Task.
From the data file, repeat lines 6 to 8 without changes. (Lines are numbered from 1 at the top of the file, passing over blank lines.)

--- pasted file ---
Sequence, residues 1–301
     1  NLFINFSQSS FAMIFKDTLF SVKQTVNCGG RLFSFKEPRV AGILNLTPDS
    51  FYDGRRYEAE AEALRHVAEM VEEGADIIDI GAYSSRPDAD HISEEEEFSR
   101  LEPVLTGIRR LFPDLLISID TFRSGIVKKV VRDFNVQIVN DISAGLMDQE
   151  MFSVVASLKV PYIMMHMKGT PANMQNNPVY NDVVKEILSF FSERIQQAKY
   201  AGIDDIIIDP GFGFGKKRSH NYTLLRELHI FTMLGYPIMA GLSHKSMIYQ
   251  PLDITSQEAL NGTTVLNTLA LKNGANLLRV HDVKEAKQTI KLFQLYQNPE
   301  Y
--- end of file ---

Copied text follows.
   201  AGIDDIIIDP GFGFGKKRSH NYTLLRELHI FTMLGYPIMA GLSHKSMIYQ
   251  PLDITSQEAL NGTTVLNTLA LKNGANLLRV HDVKEAKQTI KLFQLYQNPE
   301  Y